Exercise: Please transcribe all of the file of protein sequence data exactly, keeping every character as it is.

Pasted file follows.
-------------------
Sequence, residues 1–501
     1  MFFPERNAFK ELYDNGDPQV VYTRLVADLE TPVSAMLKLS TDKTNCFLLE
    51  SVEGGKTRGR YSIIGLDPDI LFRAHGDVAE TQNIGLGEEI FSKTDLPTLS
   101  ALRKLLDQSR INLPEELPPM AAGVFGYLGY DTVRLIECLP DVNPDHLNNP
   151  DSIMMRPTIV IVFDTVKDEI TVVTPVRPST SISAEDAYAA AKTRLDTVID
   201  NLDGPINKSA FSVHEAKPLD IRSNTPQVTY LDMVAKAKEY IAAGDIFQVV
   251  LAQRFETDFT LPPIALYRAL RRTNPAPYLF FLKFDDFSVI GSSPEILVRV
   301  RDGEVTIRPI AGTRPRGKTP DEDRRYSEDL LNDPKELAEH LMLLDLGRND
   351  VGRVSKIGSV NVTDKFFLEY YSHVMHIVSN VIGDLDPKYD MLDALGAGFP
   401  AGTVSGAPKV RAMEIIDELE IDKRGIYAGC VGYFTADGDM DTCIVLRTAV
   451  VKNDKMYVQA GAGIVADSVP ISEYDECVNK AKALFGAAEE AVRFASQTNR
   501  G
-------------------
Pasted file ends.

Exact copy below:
Sequence, residues 1–501
     1  MFFPERNAFK ELYDNGDPQV VYTRLVADLE TPVSAMLKLS TDKTNCFLLE
    51  SVEGGKTRGR YSIIGLDPDI LFRAHGDVAE TQNIGLGEEI FSKTDLPTLS
   101  ALRKLLDQSR INLPEELPPM AAGVFGYLGY DTVRLIECLP DVNPDHLNNP
   151  DSIMMRPTIV IVFDTVKDEI TVVTPVRPST SISAEDAYAA AKTRLDTVID
   201  NLDGPINKSA FSVHEAKPLD IRSNTPQVTY LDMVAKAKEY IAAGDIFQVV
   251  LAQRFETDFT LPPIALYRAL RRTNPAPYLF FLKFDDFSVI GSSPEILVRV
   301  RDGEVTIRPI AGTRPRGKTP DEDRRYSEDL LNDPKELAEH LMLLDLGRND
   351  VGRVSKIGSV NVTDKFFLEY YSHVMHIVSN VIGDLDPKYD MLDALGAGFP
   401  AGTVSGAPKV RAMEIIDELE IDKRGIYAGC VGYFTADGDM DTCIVLRTAV
   451  VKNDKMYVQA GAGIVADSVP ISEYDECVNK AKALFGAAEE AVRFASQTNR
   501  G